Madison River Fishing Report for May 24th, 2020

Dam: 1,090 cfs

Kirby: 1,380 cfs

Varney: 1,820 cfs

The Upper Madison is still fishing very well this May, and we are just getting into our Spring runoff around here.  Last week we saw a steady amount of rain which brought the river up and got the creeks flowing again.  However, as is commonly the case during Memorial Day weekday, colder weather and snow in the mountains seized up the flows from the West Fork of the Madison and Cabin, Beaver, and Indian Creeks.  With the forecast calling for highs in the 70’s and 80’s in Cameron this coming week, expect to see the river on the rise once again, and with Hebgen Lake at 89% percent full, I wouldn’t be surprised if we start to see the flows out of the dam increased in another 7-10 days as well.

At the moment we currently have 1.5′ – 2′ of visibility with a nice green tinge to it running all the way down to Ennis.  We should start to see the visibility get a little worse the further downstream from the West Fork you get by  Wednesday or Thursday with the warmer temperatures in the forecast.  While you may encounter some rising fish from time to time, the subsurface game is still the way to go.  Nymphs such as Pat’s Rubber Legs, San Juan Worms, darker colored BWO nymphs, midge larva, and olive caddis larva have been best for us and we should start to see more caddis beginning to hatch as water temperatures start to climb into the mid to upper 50’s.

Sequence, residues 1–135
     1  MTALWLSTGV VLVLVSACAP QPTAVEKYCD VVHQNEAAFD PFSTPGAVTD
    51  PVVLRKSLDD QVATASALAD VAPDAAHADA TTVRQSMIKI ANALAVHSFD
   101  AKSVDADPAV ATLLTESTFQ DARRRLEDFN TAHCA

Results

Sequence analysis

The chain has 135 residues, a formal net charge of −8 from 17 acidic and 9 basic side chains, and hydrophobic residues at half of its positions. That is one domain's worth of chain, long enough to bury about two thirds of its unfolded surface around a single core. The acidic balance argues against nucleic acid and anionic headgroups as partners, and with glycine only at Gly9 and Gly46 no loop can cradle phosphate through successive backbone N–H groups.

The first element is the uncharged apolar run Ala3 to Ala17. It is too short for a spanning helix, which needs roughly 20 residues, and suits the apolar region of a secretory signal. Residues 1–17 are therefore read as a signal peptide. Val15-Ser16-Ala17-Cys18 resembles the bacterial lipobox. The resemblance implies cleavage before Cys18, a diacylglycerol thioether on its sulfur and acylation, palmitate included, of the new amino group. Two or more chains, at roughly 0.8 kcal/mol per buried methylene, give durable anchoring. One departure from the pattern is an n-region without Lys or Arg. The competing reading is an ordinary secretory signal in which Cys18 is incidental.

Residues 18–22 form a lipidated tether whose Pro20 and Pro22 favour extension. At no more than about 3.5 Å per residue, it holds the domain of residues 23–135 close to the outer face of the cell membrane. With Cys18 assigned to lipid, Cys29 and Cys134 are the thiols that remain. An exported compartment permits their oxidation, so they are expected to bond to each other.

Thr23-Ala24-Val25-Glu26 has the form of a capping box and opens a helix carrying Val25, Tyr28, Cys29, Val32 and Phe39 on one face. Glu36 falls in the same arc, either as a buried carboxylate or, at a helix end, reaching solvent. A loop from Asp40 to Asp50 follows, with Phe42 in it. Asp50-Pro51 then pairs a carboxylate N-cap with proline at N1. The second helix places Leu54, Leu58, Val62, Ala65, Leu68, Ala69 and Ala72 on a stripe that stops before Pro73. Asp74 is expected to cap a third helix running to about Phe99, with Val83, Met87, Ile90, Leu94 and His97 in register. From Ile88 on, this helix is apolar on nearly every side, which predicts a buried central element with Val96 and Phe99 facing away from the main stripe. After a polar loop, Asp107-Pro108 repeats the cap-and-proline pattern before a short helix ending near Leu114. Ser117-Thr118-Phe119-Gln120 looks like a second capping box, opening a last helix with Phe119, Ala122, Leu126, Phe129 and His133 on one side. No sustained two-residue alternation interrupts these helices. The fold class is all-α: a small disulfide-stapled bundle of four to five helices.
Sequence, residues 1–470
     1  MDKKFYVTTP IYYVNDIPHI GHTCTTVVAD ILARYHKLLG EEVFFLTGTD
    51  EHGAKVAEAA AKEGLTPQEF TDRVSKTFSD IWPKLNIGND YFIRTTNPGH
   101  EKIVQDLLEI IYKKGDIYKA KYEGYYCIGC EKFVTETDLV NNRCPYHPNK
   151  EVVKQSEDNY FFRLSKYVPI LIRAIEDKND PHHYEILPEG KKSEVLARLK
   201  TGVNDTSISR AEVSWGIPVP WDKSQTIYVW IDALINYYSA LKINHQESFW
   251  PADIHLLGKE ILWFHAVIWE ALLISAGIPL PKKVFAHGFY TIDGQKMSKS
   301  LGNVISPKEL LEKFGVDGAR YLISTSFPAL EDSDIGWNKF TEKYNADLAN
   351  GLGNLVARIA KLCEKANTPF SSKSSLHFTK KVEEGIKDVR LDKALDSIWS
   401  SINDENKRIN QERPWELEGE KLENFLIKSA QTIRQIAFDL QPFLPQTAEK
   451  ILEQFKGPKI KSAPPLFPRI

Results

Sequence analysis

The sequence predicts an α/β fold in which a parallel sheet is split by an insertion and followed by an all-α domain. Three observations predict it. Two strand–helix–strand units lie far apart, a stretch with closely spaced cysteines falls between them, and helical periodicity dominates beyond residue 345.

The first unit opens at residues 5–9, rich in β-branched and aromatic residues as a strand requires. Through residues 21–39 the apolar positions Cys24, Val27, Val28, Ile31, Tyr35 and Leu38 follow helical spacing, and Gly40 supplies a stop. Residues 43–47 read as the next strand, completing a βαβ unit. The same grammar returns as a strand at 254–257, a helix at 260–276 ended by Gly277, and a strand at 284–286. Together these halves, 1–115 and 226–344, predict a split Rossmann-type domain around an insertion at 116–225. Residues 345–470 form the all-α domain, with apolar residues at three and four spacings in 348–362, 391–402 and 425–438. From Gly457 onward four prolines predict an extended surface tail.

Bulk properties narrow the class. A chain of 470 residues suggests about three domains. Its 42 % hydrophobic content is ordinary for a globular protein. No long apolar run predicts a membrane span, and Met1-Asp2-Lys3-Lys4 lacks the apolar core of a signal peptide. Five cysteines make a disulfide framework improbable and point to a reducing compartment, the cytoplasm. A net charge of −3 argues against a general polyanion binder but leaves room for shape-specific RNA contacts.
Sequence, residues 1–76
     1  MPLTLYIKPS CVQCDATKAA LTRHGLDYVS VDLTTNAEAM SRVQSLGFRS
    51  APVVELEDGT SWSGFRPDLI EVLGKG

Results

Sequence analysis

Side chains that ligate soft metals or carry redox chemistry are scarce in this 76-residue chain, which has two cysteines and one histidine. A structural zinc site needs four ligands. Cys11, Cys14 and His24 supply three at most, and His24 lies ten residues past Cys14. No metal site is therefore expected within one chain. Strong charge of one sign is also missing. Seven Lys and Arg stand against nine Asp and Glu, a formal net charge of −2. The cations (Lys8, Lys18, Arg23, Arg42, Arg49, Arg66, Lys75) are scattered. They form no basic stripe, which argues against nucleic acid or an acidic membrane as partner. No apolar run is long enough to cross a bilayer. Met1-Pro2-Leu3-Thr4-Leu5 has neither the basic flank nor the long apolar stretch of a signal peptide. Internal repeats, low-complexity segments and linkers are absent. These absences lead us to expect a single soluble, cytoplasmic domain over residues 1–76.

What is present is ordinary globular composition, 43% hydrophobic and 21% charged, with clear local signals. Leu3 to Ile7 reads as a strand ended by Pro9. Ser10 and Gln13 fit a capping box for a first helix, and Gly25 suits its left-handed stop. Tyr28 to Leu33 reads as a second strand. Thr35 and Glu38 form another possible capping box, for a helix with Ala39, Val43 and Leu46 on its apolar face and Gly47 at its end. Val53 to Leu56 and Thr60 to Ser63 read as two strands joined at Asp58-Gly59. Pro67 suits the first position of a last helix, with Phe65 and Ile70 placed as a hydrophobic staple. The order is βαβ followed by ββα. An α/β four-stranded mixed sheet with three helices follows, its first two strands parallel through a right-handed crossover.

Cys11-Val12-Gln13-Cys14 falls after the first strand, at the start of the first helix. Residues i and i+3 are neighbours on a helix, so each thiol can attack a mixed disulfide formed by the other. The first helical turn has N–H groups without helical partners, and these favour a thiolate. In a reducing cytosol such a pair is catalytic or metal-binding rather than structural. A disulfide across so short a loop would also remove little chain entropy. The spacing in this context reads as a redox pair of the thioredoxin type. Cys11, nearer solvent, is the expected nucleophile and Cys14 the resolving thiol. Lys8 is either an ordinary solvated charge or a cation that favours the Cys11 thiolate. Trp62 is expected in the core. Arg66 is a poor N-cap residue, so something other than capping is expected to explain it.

Streamer fishing has also started to get better, particularly in the Upper wade section between Quake and Lyon’s Bridge.  Black and Olive articulated patterns have been the most productive in the clouds recently, but don’t neglect yellow or brown and yellow colored flies when the sun hits the water.  Most of the action has been on slower retrieves with the recent cold snap, and we should start to see them chase a little faster as water temperatures begin to rise this week. While you can certainly get some eats in the morning, the most productive timeframe is still from mid-afternoon and into the evening and we have found some of our better browns within 1-2 feet of the bank.

As always, we are right in the middle of the spawn for our resident rainbows so please watch your step out there.  If you do encounter cleared gravel, please remember to walk in front of the spawning redd rather than behind it as most of the eggs end up settling 3′-10′ behind the actual redd.